‘Boundaries’ director Shana Feste has a message for male critics about her dogs, dad and pot movie

“Boundaries” star Vera Farmiga, right, holding Mary, and director Shana Feste, holding Loretta, who is not only her pet but one of the featured canine actors in the film.
(Francine Orr / Los Angeles Times)

Making a movie that’s based on some of the most intimate, vulnerable and contemptible moments of your life is an ambitious undertaking — even more so if its cast includes your own dog.

Loretta, the endlessly friendly 8-year-old terrier mix of writer-director Shana Feste, initially wasn’t supposed to appear in “Boundaries,” the Sony Pictures Classics dramedy in which Vera Farmiga plays a single mother on a cathartic road trip with her troublesome father (Christopher Plummer), her troubled son (Lewis MacDougall) and a motley crew of rescued animals. When the scene needed another stray dog for the on-screen journey, Loretta seized the supporting role.

“Every time I’d yell action, she’d run to me because she heard my voice!” laughed Feste, who also has another dog, three cats and three kids at home. “I either had to whisper or have my first [assistant director] call ‘action,’ because it was just too distracting.”

The dog stays in the picture: "Boundaries" director Shana Feste with Loretta, who is not only her pet but a featured canine in the film.
(Francine Orr / Los Angeles Times )

Feste, who also directed the Gwyneth Paltrow film “Country Strong” and the “Endless Love” remake, felt pushed to write “Boundaries” not only to highlight a character who’s adept at rescuing animals, but also to try and decode her strained relationship with her father, a humorous and heavily tattooed Texan who spent his life in and out of prison, multiple marriages and Feste’s childhood in Los Angeles.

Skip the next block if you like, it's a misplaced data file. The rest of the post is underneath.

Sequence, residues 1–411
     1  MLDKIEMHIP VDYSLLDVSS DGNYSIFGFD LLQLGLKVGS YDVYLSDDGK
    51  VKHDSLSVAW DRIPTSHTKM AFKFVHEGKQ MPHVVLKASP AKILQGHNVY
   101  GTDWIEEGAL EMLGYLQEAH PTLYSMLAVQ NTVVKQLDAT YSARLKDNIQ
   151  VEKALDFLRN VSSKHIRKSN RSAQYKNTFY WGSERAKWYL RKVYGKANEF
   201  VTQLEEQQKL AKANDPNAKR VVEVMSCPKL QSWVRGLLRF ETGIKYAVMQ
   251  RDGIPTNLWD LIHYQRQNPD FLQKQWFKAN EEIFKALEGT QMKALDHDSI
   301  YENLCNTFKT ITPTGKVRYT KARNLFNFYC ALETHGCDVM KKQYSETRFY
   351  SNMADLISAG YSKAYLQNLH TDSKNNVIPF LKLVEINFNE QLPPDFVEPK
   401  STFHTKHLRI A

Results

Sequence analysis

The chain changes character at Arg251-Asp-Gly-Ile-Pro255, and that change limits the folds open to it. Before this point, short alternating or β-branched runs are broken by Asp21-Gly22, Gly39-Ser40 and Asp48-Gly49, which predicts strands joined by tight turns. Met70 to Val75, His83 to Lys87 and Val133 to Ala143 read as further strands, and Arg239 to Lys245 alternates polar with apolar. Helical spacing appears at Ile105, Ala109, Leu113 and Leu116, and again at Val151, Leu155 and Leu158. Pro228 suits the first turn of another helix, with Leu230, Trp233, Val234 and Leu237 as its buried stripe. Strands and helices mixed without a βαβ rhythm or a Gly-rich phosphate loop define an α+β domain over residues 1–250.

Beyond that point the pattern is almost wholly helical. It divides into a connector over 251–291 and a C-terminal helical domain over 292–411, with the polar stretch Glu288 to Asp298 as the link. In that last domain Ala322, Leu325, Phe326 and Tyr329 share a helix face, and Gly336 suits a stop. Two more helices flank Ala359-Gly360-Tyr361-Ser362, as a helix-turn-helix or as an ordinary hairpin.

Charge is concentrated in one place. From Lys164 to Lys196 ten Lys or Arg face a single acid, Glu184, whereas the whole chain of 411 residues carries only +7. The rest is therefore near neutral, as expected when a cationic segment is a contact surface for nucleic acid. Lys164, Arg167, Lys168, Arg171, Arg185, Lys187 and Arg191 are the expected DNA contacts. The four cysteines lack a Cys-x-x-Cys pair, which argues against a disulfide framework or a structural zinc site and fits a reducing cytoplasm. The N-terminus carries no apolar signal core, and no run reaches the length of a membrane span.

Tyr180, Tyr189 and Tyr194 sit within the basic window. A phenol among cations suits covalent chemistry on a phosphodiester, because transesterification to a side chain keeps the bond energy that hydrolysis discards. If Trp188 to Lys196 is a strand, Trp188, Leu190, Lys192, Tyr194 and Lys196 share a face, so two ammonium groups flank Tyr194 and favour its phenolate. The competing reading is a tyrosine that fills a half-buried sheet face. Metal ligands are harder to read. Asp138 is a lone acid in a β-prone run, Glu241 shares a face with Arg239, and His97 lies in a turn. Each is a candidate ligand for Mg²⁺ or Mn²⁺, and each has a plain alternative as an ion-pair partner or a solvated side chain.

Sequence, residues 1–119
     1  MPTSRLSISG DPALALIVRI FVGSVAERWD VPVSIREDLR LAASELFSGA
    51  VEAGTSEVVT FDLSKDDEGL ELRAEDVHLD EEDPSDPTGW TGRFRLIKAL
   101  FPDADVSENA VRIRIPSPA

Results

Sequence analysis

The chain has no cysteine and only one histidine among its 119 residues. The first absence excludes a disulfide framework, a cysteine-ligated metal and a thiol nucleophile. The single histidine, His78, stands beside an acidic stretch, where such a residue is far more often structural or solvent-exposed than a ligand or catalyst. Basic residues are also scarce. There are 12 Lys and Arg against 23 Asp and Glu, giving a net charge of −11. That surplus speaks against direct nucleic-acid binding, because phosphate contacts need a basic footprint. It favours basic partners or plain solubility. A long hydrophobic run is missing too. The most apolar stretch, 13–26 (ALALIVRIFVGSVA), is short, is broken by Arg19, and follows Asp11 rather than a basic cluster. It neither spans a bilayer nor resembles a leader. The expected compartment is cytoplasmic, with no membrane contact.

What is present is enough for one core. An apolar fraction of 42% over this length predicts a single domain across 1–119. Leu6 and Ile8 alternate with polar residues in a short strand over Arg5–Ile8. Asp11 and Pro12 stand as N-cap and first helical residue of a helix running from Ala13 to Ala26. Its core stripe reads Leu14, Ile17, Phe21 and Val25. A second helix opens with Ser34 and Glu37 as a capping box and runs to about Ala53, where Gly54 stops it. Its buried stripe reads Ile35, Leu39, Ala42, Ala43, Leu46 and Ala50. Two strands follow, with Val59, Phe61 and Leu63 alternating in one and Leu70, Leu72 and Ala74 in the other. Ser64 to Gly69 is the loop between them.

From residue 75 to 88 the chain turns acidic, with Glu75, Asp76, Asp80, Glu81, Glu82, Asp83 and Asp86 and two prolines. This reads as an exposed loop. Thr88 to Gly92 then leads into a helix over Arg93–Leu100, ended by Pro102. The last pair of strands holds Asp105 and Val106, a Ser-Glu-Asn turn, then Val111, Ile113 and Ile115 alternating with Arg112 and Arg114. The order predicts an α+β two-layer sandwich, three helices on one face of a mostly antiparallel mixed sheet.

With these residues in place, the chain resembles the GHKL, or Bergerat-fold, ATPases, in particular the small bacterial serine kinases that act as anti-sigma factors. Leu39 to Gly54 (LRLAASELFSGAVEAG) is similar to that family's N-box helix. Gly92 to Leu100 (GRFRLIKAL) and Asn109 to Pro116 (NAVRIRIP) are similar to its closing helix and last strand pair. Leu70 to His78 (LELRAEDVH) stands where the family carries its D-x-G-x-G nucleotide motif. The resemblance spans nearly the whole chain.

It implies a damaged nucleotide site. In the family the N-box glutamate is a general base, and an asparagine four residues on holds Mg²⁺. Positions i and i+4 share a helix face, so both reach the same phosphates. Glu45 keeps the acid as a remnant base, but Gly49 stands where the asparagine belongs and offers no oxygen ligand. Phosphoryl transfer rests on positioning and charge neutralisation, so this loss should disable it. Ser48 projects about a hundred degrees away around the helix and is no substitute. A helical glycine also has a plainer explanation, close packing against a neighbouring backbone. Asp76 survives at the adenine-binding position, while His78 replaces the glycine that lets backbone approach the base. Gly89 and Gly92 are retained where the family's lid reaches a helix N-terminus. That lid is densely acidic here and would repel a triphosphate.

David Fincher never had to show ‘Seven’ to a room full of critics and go, ‘Oh, my God, these are all middle-aged women who love ‘The Notebook.’

— Shana Feste, director

Her most cherished memories of her father are their cross-country road trips. “We’d get in his truck and I knew, for those few days,” Feste recalled, “I’d have him all to myself.”

For Farmiga, the Oscar nominee of “Up in the Air” and Emmy nominee of “Bates Motel,” the movie’s emotional journey was arduous but appealing.

“It asks questions that I’ve been mulling my whole life: How do we love our loved ones if they’re ill-equipped to love us in the way that we need to be loved? Maybe because they didn’t know how to love you or weren’t capable of providing that?” explained the notoriously private actress.


For two years she’d tried cutting “that psychic umbilical cord” connection with a particular family member of her own. “About the time that we finished the film, I started pulling back on that cord because my disappointment, my frustration, my agony has to do with my expectations. That’s what the film is about: acknowledging all of your pain, suffering and disappointment, and seeing your loved ones for who they are — and accepting them.”

Vera Farmiga stars in the road trip film "Boundaries."
(Francine Orr / Los Angeles Times )

While Feste’s script includes a slew of scenes based on her real life, one particular bit, in which Farmiga’s character Laura confronts her on-screen father about his sporadic absences, is pure fiction.